Boby Singh Dhami: ‘accidental’ hockey player who fought in most difficult times to play for India | Hockey News

BHUBANEWAR: Things in life happen for a reason. We curse things and sometimes celebrate the unfolding of life. But it is only later, especially years later, that many of us understand why things turned out the way they did. Boby Singh Dhami’s life journey so far, which has seen him wear the India hockey jersey, is another such story waiting to be told.
“Ab mujhe bhagwan se koi shikayat nahi (now I have no complaints from God).” Boby’s first coach and his uncle Prakash Singh couldn’t hold back their emotions as Boby stepped onto the pitch in India’s quarter-final against Belgium in the Junior World Cup underway here at Bhubaneswar.
Plus, it was the first time Boby’s parents, 19, had seen him play hockey since picking up the stick at the age of 10. The emotions of his mother, whom Boby is closest to, struggled to find words amid a choking voice recalling the difficult journey.
This explains Prakash’s mention of the word “shikayat” (complaint) in the above statement, which is set against the backdrop of the trials and tribulations that the family went through.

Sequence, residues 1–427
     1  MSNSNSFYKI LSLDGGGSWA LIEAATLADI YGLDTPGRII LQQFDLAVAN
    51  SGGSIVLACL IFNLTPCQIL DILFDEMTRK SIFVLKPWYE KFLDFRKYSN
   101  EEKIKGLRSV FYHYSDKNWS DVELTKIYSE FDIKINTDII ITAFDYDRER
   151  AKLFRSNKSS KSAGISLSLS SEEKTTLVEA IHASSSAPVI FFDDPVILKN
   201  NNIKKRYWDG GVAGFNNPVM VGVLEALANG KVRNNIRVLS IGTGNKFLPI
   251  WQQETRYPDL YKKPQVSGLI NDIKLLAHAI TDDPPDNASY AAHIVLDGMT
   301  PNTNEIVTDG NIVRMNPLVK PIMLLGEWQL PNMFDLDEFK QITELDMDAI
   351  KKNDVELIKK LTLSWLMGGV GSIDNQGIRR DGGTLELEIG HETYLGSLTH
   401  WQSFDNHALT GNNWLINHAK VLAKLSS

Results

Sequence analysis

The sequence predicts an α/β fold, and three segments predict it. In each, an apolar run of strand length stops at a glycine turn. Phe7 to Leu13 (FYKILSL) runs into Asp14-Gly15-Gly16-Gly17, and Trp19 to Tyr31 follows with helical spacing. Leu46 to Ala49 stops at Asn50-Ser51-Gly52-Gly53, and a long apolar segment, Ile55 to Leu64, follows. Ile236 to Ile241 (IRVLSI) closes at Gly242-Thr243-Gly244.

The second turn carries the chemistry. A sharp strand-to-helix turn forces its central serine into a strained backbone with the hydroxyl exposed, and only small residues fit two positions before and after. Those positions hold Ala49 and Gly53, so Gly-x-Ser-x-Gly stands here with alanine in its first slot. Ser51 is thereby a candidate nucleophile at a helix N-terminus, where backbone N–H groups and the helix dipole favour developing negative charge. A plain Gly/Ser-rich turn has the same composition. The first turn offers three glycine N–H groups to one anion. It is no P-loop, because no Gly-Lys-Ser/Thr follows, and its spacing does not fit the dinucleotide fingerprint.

TEST TIME
Boby’s father, Shyam Singh Dhami, is an MGNREGA contract worker these days, and mother Hema Dhami’s steady source of income as a teacher is what the family relies on, living in Katyani village. from the Pithoragarh district in Uttarakhand.
Boby’s older brother was recruited by the Indian Army last year.
But years ago, when Boby was only 10 years old, tragedy struck.
His father was a jeep driver at the time, carrying passengers through the district which is of great political importance as the last district in neighboring Tibet state. It also shares the border of India with Nepal.
During one of these trips, the brakes on his jeep failed. Realizing, he alerted everyone in the vehicle to jump before the vehicle left the road before crossing the mountainous area.
He dived and fled, but unfortunately none of the other four passengers was able to do so. They are all dead.
What happened next ruined the simple and happy life of the Dhami family.